Graphene’s conformity to the skin might be what enables the high-quality measurements. Air gaps between the skin and the relatively large, rigid electrodes used in conventional medical devices degrade these instruments’ signal quality. Newer sensors that stick to the skin and stretch and wrinkle with it have fewer airgaps, but because they’re still a few micrometers thick, and use gold electrodes hundreds of nanometers thick, they can lose contact with the skin when it wrinkles. The graphene in the Texas researchers’ device is 0.3-nm thick. Most of the tattoo’s bulk comes from the 463-nm-thick polymer support.

The next step is to add an antenna to the design so that signals can be beamed off the device to a phone or computer, says (electrical engineer Deji) Akinwande.

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Gorillaz new video with Benjamin Clementine in Trump Tower

The new Gorillaz video, the first track in six years from the animated, virtual band, features real singer and Mercury Prize winner Benjamin Clementine crooning in Trump Tower. The song is called... "Hallelujah Money."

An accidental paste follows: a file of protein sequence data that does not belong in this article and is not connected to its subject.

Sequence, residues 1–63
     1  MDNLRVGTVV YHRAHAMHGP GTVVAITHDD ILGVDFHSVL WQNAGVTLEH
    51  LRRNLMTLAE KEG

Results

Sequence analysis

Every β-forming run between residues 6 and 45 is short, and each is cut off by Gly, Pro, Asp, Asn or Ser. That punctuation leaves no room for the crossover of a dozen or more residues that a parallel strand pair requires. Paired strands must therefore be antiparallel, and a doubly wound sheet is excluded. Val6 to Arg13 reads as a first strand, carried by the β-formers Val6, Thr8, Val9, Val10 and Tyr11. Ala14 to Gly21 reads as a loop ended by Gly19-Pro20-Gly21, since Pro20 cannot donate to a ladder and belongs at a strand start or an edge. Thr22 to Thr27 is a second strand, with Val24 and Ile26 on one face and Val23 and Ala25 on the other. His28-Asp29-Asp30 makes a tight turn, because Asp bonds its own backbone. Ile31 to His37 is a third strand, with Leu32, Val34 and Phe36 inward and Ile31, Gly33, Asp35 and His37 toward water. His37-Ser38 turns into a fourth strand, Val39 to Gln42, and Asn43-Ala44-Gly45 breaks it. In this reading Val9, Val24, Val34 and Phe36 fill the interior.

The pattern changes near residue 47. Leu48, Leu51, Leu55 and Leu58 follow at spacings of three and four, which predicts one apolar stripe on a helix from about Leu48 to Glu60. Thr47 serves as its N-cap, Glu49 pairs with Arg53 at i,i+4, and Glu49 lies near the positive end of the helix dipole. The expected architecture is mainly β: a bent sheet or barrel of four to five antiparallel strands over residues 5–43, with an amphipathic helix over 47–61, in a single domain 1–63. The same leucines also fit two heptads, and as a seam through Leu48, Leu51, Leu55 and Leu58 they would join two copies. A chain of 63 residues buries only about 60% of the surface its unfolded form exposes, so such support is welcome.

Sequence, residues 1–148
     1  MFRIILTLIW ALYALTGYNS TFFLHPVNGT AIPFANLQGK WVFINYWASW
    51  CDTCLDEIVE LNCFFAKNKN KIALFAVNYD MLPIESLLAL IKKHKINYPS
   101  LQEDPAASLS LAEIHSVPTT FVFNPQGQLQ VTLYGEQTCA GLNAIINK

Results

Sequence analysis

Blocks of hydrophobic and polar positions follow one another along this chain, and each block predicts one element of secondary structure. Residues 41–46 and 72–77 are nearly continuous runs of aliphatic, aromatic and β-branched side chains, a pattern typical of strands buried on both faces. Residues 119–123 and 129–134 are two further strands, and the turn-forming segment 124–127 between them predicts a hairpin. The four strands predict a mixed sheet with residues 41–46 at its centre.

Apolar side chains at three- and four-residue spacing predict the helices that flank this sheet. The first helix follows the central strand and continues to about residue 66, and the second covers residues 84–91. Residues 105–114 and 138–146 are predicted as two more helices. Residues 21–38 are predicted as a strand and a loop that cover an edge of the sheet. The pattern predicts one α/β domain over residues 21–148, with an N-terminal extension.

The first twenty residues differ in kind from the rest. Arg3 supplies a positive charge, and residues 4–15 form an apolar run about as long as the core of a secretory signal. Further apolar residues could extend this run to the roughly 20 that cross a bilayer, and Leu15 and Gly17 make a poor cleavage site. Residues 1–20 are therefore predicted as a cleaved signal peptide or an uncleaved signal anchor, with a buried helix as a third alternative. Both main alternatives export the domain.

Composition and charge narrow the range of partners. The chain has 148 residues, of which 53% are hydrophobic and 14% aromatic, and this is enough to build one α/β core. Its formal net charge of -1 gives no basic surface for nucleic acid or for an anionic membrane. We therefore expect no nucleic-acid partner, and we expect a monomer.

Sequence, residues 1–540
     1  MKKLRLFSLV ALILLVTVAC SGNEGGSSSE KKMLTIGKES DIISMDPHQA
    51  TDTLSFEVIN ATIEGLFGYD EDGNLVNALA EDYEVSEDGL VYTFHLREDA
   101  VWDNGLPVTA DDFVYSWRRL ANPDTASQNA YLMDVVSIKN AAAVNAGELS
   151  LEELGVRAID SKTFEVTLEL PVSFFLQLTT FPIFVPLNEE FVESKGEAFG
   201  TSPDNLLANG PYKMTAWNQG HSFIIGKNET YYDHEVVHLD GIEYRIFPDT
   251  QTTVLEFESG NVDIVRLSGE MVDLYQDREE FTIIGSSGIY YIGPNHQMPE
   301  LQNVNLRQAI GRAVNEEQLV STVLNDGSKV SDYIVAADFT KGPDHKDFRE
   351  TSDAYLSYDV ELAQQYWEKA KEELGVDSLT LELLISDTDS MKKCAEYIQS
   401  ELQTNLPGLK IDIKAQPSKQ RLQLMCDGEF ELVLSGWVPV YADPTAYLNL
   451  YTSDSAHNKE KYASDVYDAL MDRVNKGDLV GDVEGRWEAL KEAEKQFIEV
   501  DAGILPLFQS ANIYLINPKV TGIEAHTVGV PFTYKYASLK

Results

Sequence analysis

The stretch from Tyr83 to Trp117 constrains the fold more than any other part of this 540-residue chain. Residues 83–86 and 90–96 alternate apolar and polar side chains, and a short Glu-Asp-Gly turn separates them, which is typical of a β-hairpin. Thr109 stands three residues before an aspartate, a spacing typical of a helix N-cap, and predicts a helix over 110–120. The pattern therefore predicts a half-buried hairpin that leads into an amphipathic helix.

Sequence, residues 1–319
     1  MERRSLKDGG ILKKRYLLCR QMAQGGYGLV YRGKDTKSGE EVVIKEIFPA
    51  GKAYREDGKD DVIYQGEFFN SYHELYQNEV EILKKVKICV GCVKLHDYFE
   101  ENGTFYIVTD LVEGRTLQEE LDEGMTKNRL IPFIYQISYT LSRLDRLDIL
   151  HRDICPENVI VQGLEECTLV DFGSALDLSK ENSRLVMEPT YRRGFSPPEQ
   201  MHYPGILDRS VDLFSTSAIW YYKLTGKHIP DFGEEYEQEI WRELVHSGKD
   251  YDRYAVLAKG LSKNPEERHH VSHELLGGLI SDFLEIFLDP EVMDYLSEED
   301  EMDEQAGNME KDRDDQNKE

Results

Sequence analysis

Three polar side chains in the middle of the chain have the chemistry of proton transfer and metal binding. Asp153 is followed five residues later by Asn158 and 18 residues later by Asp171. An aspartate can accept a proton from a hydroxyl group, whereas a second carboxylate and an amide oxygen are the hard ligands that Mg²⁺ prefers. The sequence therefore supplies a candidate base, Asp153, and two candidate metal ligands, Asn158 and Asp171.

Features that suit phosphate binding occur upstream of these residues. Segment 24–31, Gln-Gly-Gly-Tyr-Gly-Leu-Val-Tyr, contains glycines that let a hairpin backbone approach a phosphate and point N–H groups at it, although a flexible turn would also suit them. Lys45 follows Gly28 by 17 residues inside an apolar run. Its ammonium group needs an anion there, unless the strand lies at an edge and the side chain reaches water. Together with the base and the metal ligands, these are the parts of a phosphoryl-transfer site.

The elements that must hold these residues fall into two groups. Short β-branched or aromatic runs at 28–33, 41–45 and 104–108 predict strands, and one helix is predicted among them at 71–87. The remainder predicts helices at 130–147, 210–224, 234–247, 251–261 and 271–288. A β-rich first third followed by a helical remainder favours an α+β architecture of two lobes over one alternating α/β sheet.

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Joshua Glenn and Rob Walker's new Political Objects online anthology with Luc Sante, Lydia Millet, etc.

BB pal Rob Walker says:

My Significant Objects co-conspirator Joshua Glenn and I have started a new adventure: PROJECT:OBJECT will publish four “themed” volumes of stories-about-objects from an all-star cast of writers. Volume 1, POLITICAL OBJECTS launched today, with stories from Luc Sante, Lydia Millet, and Ben Greenman. This series will continue on HiLobrow through Q1 (with a bunch clustered around Inauguration Day.) Then a new volume with a new theme will launch in April, etc.

The POLITICAL OBJECTS stories are here.

And here’s the once-a-week email newsletter we’ll use to distribute links to new stories in the year ahead.

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This is the creator of Comic Sans

Comic Sans MS, perhaps the most polarizing font in history, was designed by Vincent Connare for Microsoft and unleashed upon the world in 1994.

"If you didn't notice (a piece of art), I considered that was bad," Connare says. "And if you did notice, it was good."

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Trump's five most "anti-science" moves

Scientific American summarized five of Donald Trump's "major moves many see as hostile toward science." They are:

• Trump’s pick for head of the U.S. Environmental Protection Agency has actively battled its mission